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Health Nucleus: precision medicine for Longevity

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We speak to Dr David Karow about how Health Nucleus is putting the data amassed by Human Longevity Inc. into clinical practice.

We’ve followed the work of Human Longevity Inc. closely, and our recent interview with its Chairman revealed that the company was now strongly focused on delivering precision medicine to clients through its Health Nucleus clinic model. Through its “100+” program, Health Nucleus combines advanced technologies with medical experts with the goal of helping people achieve their “healthiest and longest life.”

Longevity.Technology: While precision medicine is something we hear a lot about these days, it’s often mentioned in the same breath as phrases like “in the future” or “in an ideal world”. At a Health Nucleus clinic, precision medicine is very much a thing of today, and is already yielding results. We spoke to Dr David Karow, President and Chief of Radiology for Health Nucleus to find out where the business is headed.

Co-founded in 2013 by genome sequencing pioneer Craig Venter and Peter Diamandis, Human Longevity Inc. has received more than half a billion dollars in funding to date. The company initially focused its efforts on understanding human genotypes and phenotypes.

Dr David Karow, President and Chief of Radiology at Health Nucleus

“The whole concept was, how to leverage the powerful predictive capabilities of the genome in a way that can drive meaningful clinical decision support,” says Karow. “And the way the company initially sought to do that was to essentially amass hundreds of thousands, ideally millions, of whole genomes, that we would sequence and then correlate that data with all kinds of meaningful phenotype data. The hope being that we could harness the untapped potential of our own genomes for human health and wellness.”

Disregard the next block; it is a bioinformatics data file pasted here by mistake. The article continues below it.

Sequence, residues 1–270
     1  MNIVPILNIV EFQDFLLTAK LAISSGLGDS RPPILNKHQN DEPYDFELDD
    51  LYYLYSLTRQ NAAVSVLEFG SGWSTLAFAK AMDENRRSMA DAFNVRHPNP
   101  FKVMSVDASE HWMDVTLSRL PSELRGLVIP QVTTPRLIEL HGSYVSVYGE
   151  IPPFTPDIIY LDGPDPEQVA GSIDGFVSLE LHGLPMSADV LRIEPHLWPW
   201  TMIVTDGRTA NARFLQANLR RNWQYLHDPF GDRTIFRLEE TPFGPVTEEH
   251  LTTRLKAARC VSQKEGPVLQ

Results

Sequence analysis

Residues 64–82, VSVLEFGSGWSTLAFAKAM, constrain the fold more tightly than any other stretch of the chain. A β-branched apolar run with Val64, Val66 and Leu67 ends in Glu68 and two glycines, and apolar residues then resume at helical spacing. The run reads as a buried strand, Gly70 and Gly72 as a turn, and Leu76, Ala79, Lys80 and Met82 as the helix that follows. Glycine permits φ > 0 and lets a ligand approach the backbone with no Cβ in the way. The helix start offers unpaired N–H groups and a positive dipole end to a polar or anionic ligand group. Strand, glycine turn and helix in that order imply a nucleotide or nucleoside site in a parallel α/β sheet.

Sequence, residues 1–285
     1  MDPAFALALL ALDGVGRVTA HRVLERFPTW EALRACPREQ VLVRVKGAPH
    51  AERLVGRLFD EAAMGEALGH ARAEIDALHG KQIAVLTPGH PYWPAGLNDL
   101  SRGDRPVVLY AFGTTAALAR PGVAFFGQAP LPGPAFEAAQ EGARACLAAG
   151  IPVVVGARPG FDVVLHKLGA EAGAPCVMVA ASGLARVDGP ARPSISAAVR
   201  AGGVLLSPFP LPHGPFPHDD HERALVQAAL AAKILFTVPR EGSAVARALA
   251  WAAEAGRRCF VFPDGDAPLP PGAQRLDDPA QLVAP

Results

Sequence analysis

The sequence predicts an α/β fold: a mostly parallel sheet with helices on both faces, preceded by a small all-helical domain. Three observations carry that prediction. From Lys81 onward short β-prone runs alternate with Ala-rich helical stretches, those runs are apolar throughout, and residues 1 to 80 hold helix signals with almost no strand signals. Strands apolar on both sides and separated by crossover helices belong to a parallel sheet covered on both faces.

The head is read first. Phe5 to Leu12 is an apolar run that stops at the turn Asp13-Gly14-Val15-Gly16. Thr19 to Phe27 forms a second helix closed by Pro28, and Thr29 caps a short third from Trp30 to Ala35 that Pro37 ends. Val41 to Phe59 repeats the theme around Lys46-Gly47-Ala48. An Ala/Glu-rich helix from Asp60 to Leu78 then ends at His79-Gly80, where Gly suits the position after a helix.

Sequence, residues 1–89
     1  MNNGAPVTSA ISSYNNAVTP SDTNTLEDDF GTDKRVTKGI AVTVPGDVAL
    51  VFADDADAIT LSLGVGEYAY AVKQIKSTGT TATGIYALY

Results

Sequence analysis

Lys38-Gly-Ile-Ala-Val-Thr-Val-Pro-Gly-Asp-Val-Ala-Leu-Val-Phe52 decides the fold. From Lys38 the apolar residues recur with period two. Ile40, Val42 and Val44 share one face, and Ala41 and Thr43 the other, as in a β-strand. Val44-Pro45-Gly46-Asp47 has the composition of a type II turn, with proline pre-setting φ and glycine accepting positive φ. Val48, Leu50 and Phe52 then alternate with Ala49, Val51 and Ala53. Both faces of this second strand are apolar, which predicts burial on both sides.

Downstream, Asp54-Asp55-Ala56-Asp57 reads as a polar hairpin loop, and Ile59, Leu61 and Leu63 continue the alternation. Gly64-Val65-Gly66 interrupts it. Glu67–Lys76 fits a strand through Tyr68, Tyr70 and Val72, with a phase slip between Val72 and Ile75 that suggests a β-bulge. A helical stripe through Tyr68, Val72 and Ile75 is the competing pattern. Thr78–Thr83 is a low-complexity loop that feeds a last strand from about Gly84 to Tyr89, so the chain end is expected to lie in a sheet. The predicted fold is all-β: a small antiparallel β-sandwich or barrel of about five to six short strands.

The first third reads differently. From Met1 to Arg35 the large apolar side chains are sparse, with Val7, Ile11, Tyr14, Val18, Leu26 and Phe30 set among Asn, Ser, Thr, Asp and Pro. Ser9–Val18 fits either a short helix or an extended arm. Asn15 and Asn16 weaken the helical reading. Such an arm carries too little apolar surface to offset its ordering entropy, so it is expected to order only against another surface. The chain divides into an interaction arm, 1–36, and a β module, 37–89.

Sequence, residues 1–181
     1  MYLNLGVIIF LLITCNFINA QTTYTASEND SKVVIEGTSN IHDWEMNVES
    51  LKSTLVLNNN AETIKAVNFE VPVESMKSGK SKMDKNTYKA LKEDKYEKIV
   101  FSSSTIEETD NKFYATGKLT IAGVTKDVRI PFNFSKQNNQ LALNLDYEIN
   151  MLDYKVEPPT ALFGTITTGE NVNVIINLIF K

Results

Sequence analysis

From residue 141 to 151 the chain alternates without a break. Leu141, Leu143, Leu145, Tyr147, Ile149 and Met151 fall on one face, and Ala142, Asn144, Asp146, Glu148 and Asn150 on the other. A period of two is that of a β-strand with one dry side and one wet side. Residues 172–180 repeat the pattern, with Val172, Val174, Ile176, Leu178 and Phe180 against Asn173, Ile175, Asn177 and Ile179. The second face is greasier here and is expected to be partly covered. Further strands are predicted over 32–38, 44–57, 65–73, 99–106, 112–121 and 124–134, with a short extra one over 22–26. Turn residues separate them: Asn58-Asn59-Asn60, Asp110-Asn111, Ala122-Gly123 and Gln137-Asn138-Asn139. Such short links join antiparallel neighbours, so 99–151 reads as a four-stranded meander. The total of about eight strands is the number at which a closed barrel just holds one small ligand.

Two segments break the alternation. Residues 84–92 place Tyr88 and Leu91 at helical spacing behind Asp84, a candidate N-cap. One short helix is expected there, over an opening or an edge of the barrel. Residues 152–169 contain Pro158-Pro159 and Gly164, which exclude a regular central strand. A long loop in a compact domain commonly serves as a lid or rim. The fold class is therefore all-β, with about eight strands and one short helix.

But after three years, the genome sequencing business had essentially become a commodity, with more and more companies entering the market. And so, in 2016, the company pivoted and focused its interests in other areas, one of which was a precision medicine clinic in San Diego that would become Health Nucleus.

 


 

“The whole concept was that we believed that if you undergo this deep set of phenotypic and genotypic testing … that your chances of dying prematurely, your morbidity and mortality from chronic age-related disease would be significantly reduced.”

 


 

“So everyone was talking about the predictive power and capabilities and untapped potential of the genome,” says Karow. “But the goal of this clinic was to really translate that into clinical practice, and use the data to drive meaningful decision support for our clients.”

Health Nucleus started out as a research project – so the clinic and all the clients that went through it initially, were all under a IRB-covered research protocol.

“The whole concept was that we believed that if you undergo this deep set of phenotypic and genotypic testing – whole genome sequencing, whole body imaging, advanced blood biomarkers, including metabolomics – that your chances of dying prematurely, your morbidity and mortality from chronic age-related disease would be significantly reduced,” explains Karow. “And I think we were right, because as we assessed that initial cohort we discovered that all of these presumed healthy individuals that came to see us weren’t so healthy after all.”

The offices of Health Nucleus in San Diego

The company has published two papers on those initial cohorts, the most recent in January this year.

“One in 50 had high-grade tumours that weren’t previously known,” says Karow. “One in 50 had brain and aortic aneurysms that weren’t previously known. Nearly 10% had advanced coronary artery disease that wasn’t previously known. Close to 15% had structural and functional abnormalities of the heart that weren’t previously known, and 30% were pre-diabetes, metabolic syndrome, elevated liver fat that wasn’t previously known. And close to one in six of our clients who we found to have a rare genetic mutation that affected the health of that individual personally.”